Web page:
It was hot and windy when Diya got off the bus and walked towards the best vegan restaurant in Philadelphia. The wind pushed her flowy off-shoulder dress against her body revealing unwelcome curves. Marcus waited outside the restaurant for her with a bouquet of lilies, looking this way and that. She waved at him. He smiled and waved back. As she began crossing the cobbled street, Diya twisted her ankle and lost her balance. She grabbed a passerby by his shoulder and steadied herself, heart hammering in her chest, mortified at her tactlessness. Cursing those diabolic platforms under her breath, she walked towards him like a foal learning to take her first steps. Diya moved her purse self-consciously over her pillowy gut. Marcus looked shorter in person, muscular but shorter. He wore a pastel purple shirt, with sweat stains under his armpits. Diya held out her arms to give him a hug, but he leaned in for a peck and ended up landing wet lips on her ear. Diya wiped off the spit discreetly. They were seated outside under a canopy that offered respite from the sweltering heat. Marcus sat down and smiled, revealing a chipped tooth she had somehow missed in his photographs. He mopped his leaking brow with a hand towel and ran his hand through greasy, thinning hair. The server placed two glasses of water in front of them and Diya pounced on one, gulping it down.
“So hot,” she said to no one in particular.
“Do we know what we want?” the server asked.
Diya raised her eyebrows at Marcus, “I will let him decide.”
“A minute please,” Marcus said opening the menu, nodding his head here and there.
Diya waited for him to put the menu down and focus on her but he was immersed in it as if reading a thriller. She cleared her throat, “So, here we are.”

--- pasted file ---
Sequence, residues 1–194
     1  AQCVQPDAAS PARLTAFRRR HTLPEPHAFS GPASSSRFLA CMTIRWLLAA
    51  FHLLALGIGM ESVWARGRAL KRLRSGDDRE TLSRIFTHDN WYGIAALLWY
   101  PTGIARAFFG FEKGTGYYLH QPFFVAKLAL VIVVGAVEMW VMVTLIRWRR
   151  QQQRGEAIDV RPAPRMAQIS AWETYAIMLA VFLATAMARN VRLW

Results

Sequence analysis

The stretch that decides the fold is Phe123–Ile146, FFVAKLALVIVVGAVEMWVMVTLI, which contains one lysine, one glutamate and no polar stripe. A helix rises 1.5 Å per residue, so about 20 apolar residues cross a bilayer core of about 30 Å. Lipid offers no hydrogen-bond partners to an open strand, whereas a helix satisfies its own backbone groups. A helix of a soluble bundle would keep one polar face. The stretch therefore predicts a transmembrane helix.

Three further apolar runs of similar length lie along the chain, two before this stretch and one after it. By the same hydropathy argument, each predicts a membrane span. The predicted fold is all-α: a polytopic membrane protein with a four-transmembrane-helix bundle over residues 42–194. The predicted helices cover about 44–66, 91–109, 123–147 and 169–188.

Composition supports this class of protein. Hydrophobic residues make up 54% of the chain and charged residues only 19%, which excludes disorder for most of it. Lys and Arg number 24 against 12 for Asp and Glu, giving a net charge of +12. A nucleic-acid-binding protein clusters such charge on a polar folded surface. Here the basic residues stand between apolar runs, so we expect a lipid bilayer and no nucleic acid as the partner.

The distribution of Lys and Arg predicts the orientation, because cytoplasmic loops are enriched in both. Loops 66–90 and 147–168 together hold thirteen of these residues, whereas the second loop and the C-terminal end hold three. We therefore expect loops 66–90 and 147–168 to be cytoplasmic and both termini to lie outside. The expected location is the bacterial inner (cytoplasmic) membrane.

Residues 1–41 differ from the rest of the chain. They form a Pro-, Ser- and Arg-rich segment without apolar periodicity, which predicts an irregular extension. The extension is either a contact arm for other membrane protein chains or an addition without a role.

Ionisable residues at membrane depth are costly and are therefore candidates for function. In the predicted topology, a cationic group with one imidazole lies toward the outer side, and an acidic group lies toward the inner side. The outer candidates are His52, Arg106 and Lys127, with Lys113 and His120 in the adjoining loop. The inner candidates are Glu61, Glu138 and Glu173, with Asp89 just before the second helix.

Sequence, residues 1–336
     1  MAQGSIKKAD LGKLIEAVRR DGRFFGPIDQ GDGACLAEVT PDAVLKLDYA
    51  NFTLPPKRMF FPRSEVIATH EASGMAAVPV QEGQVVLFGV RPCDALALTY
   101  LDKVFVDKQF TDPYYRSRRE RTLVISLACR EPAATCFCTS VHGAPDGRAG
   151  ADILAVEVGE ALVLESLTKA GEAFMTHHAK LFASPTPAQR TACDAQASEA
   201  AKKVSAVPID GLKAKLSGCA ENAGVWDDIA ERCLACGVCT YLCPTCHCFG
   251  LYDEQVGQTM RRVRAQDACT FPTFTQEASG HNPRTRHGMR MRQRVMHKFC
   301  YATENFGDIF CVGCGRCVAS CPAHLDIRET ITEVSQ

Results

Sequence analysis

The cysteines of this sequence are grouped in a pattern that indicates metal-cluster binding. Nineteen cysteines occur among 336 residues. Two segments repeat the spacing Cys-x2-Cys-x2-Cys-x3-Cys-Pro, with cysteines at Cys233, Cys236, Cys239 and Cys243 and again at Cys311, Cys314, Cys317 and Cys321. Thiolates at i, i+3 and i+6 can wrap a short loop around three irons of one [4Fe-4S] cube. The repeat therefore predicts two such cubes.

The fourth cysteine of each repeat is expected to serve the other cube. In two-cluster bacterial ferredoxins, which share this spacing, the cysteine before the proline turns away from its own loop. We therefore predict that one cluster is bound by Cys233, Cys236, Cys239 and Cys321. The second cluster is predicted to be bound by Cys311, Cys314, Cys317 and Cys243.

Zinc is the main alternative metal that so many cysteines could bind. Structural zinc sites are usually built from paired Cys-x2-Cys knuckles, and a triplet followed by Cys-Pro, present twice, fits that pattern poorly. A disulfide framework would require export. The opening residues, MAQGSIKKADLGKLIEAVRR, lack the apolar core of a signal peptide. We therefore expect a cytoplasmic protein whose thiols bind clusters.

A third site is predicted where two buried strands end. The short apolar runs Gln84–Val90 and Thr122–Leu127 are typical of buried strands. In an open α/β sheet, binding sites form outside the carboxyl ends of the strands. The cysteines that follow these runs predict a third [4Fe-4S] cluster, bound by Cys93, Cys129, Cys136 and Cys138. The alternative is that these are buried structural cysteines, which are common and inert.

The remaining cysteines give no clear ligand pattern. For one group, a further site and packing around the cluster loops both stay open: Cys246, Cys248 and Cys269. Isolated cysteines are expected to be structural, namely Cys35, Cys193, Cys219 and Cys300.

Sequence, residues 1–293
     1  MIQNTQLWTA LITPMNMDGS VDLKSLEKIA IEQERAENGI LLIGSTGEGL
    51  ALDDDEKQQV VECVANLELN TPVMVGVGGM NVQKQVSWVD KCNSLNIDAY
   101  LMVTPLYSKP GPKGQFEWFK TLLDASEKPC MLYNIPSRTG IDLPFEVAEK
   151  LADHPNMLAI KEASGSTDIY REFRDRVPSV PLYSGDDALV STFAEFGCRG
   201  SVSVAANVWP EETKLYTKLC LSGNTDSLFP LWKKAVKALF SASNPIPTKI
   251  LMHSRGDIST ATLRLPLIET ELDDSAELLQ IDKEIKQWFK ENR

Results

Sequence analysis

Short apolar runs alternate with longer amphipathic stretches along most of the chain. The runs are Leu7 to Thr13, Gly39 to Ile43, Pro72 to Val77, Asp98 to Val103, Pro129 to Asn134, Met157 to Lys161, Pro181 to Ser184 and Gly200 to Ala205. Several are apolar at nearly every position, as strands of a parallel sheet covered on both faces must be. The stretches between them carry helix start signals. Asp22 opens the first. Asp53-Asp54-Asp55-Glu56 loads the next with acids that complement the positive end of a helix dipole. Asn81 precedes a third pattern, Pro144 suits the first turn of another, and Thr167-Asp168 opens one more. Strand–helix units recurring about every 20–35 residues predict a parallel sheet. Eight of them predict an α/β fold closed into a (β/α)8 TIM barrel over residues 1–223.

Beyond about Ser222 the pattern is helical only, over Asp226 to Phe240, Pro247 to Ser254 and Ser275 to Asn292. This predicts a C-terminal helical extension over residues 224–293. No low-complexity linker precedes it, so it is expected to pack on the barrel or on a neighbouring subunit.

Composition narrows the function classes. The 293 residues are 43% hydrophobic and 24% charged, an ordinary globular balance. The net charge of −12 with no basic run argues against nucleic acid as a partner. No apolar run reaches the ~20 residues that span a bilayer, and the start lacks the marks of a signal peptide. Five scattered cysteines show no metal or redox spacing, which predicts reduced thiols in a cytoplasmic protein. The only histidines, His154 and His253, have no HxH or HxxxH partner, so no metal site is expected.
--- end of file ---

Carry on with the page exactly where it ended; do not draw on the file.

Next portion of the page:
Marcus ran his tongue on his teeth grinning, “I know right.” He looked around the place taking in the ambiance, “This is a quaint restaurant. Good choice.”
“The best one here.”
Diya reached for her glass but it was empty. Marcus slid his own towards her and she guzzled it down. Diya looked straight at Marcus and he looked back at her. Little scenes she had rehearsed played in her mind in a continuous loop, scenarios devised to make conversation, but she had nothing to say to him. Sitting there passively, making eye contact felt odd as if he was a stranger. Marcus looked at Diya and raised his eyebrows, smiling once again at her. Why wasn’t he saying anything? She realized she had been doing all the talking on their virtual dates.
Marcus cleared his throat and opened his mouth to speak when the server came back and he placed their order. He moved the empty glasses around and mopped his face again. Marcus smiled at Diya and then suddenly, he winked at her. Diya was taken aback, offended at this indecent gesture.
“What was that?” she questioned.
“What?” he said genuinely befuddled. Then before she could answer, he offered her a paper napkin, “Your mascara is running from the sweat. You may want to fix that.”
She excused herself, her face matching her cherry red dress as she ran to the restroom. Sure enough, her mascara was runny and her foundation had caked all over her face becoming blotchy.
“Stupid summer,” she grunted and wiped off all her make-up, reapplying the eyeliner and lipstick.
When she went back outside, Marcus sat winking at no one in particular with arms and legs crossed. The Peruvian fries, spicy Dan Dan noodles, and Korean tempeh sandwich were waiting for her.
“Is that a tic?” Diya asked casually.
Marcus’s pale face turned a splotchy pink. He nodded, took a deep breath, and dipped into the Dan-Dan noodles. The silverware clinked as they ate the surprisingly delicious fare in silence. The server came back and asked if they would be ordering dessert. No was the resounding response. Marcus paid the check and the two of them walked out of the restaurant. Diya remembered all the things they had planned to do together: the Liberty Bell, Independence Mall, Penn’s Landing. They hesitated on the sidewalk, the dress clinging to Diya’s plump body for dear life. Marcus’s eyes wandered from head to toe. He tucked his thumbs in his pockets putting up a wall between them. Diya was crestfallen.
“It’s so hot,” Diya said, “I just—I don’t feel like doing anything.”
Relieved, Marcus gave a shaky laugh, his eyes going heavenward, “It was a pleasure. I will be heading back then.”
They shook hands and parted ways. Diya walked to the next block and sat down in the shade of the bus stop, still clutching her bouquet. The lilies were dull and wilted. They felt heavy, unwanted.
“Oh, Marcus,” she buried her face in her hands, feeling drained, whether from the heat or the date, she wasn’t sure. Her feet ached.
Diya sighed. The abyss pulled her back in.